Torrontés is the New Malbec

Just as colors cycle in and out of fashion (brown is the new black– or is it navy?), so do certain grapes. Malbec, for example, has been all the rage in Argentina. This year, we predict it will be trumped by Torrontés, an aromatic white grape that’s now Argentina’s most-planted white. The wines are dry, crisp and reasonably priced (most are under $20). Look for 2007 Crios and Bodega Colomé wines.

Hungary’s Excellent Table Wines

The famed home of Tokaji, one of the world’s great dessert wines, Hungary is also becoming a source of graceful (and often affordable) table wines, too. Try the plummy, robust 2004 Vylyan Mini-Evolution ($16) red blend or the lime-scented, minerally 2005 Dobogó Furmint ($30).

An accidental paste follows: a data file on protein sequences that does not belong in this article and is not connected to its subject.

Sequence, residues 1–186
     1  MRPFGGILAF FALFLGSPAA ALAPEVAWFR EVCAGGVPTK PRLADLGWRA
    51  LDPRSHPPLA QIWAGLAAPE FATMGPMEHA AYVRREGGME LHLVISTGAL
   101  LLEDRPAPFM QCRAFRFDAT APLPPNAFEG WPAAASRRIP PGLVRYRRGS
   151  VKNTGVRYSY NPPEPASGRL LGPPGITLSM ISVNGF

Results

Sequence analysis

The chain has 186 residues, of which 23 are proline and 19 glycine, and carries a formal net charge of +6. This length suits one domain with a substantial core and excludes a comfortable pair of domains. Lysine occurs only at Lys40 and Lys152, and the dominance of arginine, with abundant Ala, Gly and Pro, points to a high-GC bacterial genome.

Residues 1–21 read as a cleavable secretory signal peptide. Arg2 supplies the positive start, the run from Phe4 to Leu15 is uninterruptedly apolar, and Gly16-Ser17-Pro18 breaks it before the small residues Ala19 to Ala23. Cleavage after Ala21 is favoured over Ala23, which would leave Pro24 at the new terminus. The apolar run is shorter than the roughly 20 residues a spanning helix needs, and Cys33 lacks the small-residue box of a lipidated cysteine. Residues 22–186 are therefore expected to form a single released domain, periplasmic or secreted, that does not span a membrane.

New World Négociants

In the French wine industry, entrepreneurs who want to make wine but don’t own vineyards become négociants, buying their grapes from growers. This longtime practice is now popular in California, with many winemakers sourcing fruit from several locations. Siduri Winery, for example, uses Pinot Noir from 23 Oregon and California vineyards. Many growers sell to a handful of winemakers, resulting in varied renditions on the same grape. For a comparative tasting, try the 2006 Rosella’s Vineyard (above) Pinot Noirs from Siduri ($48), Loring Wine Company ($50) and A.P. Vin ($48).